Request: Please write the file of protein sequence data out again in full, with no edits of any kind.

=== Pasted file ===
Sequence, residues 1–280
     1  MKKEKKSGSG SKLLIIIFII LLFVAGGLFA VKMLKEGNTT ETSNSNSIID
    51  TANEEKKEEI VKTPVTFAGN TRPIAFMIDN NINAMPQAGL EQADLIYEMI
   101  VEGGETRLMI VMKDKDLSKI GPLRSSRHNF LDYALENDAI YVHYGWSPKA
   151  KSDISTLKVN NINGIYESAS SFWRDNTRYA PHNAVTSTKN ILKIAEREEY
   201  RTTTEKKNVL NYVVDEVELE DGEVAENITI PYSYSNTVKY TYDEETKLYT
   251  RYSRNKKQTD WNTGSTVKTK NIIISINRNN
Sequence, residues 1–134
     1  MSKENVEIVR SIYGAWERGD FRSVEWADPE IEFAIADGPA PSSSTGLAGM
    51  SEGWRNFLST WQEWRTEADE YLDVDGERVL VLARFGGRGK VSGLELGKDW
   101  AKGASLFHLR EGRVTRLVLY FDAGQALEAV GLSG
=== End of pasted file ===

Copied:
Sequence, residues 1–280
     1  MKKEKKSGSG SKLLIIIFII LLFVAGGLFA VKMLKEGNTT ETSNSNSIID
    51  TANEEKKEEI VKTPVTFAGN TRPIAFMIDN NINAMPQAGL EQADLIYEMI
   101  VEGGETRLMI VMKDKDLSKI GPLRSSRHNF LDYALENDAI YVHYGWSPKA
   151  KSDISTLKVN NINGIYESAS SFWRDNTRYA PHNAVTSTKN ILKIAEREEY
   201  RTTTEKKNVL NYVVDEVELE DGEVAENITI PYSYSNTVKY TYDEETKLYT
   251  RYSRNKKQTD WNTGSTVKTK NIIISINRNN
Sequence, residues 1–134
     1  MSKENVEIVR SIYGAWERGD FRSVEWADPE IEFAIADGPA PSSSTGLAGM
    51  SEGWRNFLST WQEWRTEADE YLDVDGERVL VLARFGGRGK VSGLELGKDW
   101  AKGASLFHLR EGRVTRLVLY FDAGQALEAV GLSG